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Juneteenth Must Be More Than a Symbol



Juneteenth Must Be More Than a Symbol:

The African American Policy Forum’s Statement on

Anti-Racism Education in Schools and Colleges


June 19, 2021


Today, we commend President Biden and Congress for enacting the Juneteenth National Independence Day Act. We hasten to add that our new national holiday cannot stand as a mere symbolic gesture or a cynical cover for those who are actively attempting to censor the very history that Juneteenth represents. We therefore applaud the American Federation of Teachers and National Education Association, which have condemned legislative bans on teaching “the true and complete history of the United States including Juneteenth and other historical perspectives on racism and oppression in this country.”


Under the guise of banning critical race theory—a field of legal study found almost exclusively in law schools—extremist politicians have manufactured a modern-day witch-hunt that undermines public education, freedom of speech, and an accurate understanding of our own history. These laws willfully distort the very reason that Juneteenth is now a national holiday. They must be rejected.


As the Supreme Court recognized in its landmark 1954 decision Brown v. Board of Education, education is key to democratic participation and racial equality. Yet today teachers, schools, students and parents are the targets of coordinated efforts to censor precisely the explorations of history that this landmark recognition of our past requires. At least seven states have passed legislation or orders that would prohibit teachers from openly exploring the significance of the history that Juneteenth and other moments from our past represent. More than a dozen others are considering similar bills. Despite claims that this legislation is designed to achieve “balance,” these efforts to whitewash our past cannot be reconciled with any serious commitment to integrating the lessons of history with our hopes for the future.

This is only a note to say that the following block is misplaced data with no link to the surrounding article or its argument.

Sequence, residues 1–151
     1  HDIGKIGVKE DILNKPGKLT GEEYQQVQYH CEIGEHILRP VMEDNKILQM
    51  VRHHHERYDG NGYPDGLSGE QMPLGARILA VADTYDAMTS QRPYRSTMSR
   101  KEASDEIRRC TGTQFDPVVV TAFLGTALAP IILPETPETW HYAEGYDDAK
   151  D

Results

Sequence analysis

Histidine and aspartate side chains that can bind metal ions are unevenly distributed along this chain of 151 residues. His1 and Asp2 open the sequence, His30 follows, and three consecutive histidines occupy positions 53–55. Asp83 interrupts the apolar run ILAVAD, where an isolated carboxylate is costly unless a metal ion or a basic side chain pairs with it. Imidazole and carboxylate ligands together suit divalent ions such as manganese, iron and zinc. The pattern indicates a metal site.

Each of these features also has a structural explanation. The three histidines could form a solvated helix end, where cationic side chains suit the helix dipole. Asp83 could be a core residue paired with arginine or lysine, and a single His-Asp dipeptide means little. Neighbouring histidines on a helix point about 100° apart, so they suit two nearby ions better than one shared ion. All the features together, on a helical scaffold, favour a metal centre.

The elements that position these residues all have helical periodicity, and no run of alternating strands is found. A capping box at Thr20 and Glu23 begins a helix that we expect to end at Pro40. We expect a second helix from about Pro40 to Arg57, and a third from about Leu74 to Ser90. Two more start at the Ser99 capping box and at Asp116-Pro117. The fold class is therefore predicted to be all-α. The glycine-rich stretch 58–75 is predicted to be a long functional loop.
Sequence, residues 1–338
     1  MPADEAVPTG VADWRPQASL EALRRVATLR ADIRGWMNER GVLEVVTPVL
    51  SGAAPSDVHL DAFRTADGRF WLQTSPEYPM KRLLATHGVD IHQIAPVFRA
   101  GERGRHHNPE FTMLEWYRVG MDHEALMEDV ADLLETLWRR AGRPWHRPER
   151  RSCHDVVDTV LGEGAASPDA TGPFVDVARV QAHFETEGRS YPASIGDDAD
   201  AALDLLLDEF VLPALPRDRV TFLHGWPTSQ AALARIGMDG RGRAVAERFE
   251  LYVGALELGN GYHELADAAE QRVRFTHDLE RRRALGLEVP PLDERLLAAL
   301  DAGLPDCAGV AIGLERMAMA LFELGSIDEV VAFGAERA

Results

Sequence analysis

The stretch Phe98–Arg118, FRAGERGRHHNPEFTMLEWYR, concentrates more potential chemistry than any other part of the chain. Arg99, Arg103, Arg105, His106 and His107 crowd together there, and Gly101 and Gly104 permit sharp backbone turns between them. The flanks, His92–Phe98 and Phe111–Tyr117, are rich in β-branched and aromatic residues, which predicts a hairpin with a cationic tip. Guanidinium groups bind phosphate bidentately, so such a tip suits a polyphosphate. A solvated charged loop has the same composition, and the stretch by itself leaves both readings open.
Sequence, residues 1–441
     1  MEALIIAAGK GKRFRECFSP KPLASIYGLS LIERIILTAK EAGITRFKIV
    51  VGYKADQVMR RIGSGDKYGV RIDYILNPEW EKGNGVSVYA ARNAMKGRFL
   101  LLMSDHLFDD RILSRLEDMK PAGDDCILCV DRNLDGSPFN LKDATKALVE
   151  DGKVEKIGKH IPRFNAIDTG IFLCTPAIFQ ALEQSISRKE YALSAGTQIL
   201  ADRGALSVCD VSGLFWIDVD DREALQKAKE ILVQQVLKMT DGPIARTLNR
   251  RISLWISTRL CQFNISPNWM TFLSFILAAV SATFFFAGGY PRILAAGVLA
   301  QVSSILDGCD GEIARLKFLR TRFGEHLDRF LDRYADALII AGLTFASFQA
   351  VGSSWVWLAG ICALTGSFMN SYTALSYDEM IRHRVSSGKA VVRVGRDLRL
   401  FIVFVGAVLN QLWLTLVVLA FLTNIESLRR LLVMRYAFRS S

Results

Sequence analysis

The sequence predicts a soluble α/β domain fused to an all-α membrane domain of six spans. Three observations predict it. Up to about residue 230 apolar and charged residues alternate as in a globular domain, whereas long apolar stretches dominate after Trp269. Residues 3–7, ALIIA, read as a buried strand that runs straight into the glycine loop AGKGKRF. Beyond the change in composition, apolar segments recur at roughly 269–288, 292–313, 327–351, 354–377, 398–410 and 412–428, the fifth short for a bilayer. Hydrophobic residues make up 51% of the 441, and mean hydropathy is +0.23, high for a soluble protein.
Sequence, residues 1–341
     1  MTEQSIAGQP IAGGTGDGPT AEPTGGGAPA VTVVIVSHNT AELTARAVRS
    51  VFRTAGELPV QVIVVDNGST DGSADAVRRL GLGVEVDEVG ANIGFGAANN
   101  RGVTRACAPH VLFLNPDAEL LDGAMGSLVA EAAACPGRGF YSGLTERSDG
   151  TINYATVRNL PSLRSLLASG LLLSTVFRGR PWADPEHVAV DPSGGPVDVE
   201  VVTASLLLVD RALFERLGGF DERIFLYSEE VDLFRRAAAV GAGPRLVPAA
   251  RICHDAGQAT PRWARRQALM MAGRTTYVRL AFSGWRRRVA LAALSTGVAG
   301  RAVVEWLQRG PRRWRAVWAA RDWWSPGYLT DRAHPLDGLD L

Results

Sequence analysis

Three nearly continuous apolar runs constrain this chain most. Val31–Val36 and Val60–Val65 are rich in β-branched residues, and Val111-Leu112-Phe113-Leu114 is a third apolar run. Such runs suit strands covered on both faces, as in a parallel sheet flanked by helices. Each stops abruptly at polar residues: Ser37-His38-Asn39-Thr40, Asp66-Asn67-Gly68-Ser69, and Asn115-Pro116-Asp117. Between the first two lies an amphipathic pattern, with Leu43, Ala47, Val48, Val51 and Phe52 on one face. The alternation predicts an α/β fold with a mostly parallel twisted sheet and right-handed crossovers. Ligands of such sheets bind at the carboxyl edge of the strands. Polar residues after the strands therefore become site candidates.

Through sweeping prohibitions that turn on vague standards, subjective feelings, and selective viewpoints, the coordinated disinformation campaign that is ablaze throughout the country is weaponizing the classroom in a one-sided culture war calculated to stoke anxiety and to generate discord. Underneath a barrage of alarmist distortions, misdirections, and outright lies is an aggressive agenda that undermines our commitment to a robust multiracial democracy in which everyone is part of “we the people.”


The inevitable and intended results are to chill inquiry and discussion vital to understanding the relationship between the challenges we face today and historical events of the past. In Oklahoma, a history teacher cannot teach a lesson on the Tulsa race massacre if it would make “any individual” feel “discomfort, guilt [or] anguish.” In Tennessee, a school district faces a possible loss of funds if a teacher leads a discussion about the history of slavery in a way that “promotes division or resentment” or would make an individual feel “discomfort.” In Idaho, schools face the threat of defunding if they teach “critical race theory” or anything that might “exacerbate and inflame divisions” on the basis of race or sex. These laws throttle vital classroom conversations that are critical in preparing students to participate in the building of a more just society.